Difference between revisions of "Campylobacter jejuni"

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==Background==
 
==Background==
* Gram negative, non spore forming bacteria
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*[[Gram negative]], non spore forming bacteria
* Commonly found in animal feces
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*Commonly found in animal feces
* Caused by oral-fecal transmission
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*Caused by oral-fecal transmission
* Associated with [[Guillain-Barre syndrome]] and Reiter syndrome
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*Associated with [[Guillain-Barre syndrome]] and [[Reactive arthritis|Reiter syndrome]]
 +
*Incubation period of about 2-5 days, with duration of illness around 2-10 days<ref>U.S. Dept of Health and Human Services. Campylobacter. https://www.foodsafety.gov/poisoning/causes/bacteriaviruses/campylobacter/index.html</ref>
  
 
==Clinical Features==
 
==Clinical Features==
* Acute diarrheal illness (<3 weeks)
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*Acute diarrheal illness (<3 weeks)
* Severe abdominal pain
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*Severe [[abdominal pain]]
* Fever
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*[[Fever]]
* Bloody/voluminous/purulent stools  
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*Bloody/voluminous/purulent stools  
* Systemic illness/symptoms
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*Systemic illness/symptoms
 
 
  
 
==Differential Diagnosis==
 
==Differential Diagnosis==
* Infectious:
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*Infectious:
** Salmonella
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**[[Salmonella]]
** Shigella
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**[[Shigella]]
** Shiga toxin-producing E. coli
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**Shiga toxin-producing [[E. coli]]
** E. coli 0157:H7
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**[[E. coli]] 0157:H7
** Entamoeba histolytica  
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**[[Entamoeba histolytica]]
** Yersinia
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**[[Yersinia]]
** Vibrio
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**[[Vibrio]]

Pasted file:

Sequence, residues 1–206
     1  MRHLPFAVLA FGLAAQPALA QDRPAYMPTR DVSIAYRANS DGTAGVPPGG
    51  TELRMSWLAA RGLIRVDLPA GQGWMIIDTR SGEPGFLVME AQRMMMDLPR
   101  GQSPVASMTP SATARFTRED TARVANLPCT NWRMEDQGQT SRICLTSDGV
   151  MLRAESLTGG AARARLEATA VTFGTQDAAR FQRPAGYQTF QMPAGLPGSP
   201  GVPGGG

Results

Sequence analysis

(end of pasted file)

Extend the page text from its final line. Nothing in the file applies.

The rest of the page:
** C. difficile  
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**[[C. difficile ]]
* Non-infectious:
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*Non-infectious:
** Inflammatory bowel disease  
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**[[Inflammatory bowel disease]]
** GI bleed
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**[[GI bleed]]
** Adrenal insufficiency
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**[[Adrenal insufficiency]]
** Mesenteric ischemia  
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**[[Mesenteric ischemia]]
** Thyroid storm
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**[[Thyroid storm]]
** Toxicologic exposure  
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**[[Toxicologic exposure]]
** Radiation syndrome
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**[[Radiation syndrome]]
  
 +
{{Diarrhea DDX}}
  
 +
==Evaluation==
 +
''Not every patient with fever and diarrhea requires work-up - use clinical judgement''
  
==Diagnostic Evaluation==
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*Consider work-up for patient with:
* Initiate work up in patients:
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**Fever
** Appearing toxic
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**Toxic appearance
** Febrile
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**Diarrhea lasting >3 days
** Diarrheal illness lasting >3 days
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**Blood or pus in stool
** Blood or pus in stool
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**Immunocompromised patients with presumed infectious diarrhea
** Immunocompromised patients with presumed infectious diarrhea
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*Bacterial stool culture
* Bacterial stool culture
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**N.B. - In many labs, stool culture tests for [[Salmonella]], [[Shigella]], and [[Campylobacter]]
* Stool ova and parasites if concern for parasitic infection